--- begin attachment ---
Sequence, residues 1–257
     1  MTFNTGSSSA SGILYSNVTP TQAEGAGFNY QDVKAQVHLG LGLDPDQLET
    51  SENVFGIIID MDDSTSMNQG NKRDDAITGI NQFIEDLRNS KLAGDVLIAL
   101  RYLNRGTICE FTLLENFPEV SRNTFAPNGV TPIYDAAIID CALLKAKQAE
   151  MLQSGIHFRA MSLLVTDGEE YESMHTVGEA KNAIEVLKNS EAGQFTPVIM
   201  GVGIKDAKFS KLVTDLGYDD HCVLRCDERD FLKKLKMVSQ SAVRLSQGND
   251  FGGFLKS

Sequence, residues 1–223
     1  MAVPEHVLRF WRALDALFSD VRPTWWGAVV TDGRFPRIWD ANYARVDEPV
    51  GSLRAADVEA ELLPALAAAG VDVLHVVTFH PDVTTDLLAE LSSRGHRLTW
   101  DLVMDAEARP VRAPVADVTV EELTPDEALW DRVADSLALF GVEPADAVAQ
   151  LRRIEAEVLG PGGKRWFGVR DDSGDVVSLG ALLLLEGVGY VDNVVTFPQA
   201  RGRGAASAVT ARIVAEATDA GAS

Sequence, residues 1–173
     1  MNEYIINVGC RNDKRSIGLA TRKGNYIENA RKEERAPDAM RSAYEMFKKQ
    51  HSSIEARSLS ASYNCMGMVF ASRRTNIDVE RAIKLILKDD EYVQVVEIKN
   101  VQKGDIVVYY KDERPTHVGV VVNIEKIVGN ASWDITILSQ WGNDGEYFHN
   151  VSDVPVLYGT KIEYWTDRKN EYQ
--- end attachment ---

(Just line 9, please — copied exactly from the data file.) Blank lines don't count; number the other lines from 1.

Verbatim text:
     1  MAVPEHVLRF WRALDALFSD VRPTWWGAVV TDGRFPRIWD ANYARVDEPV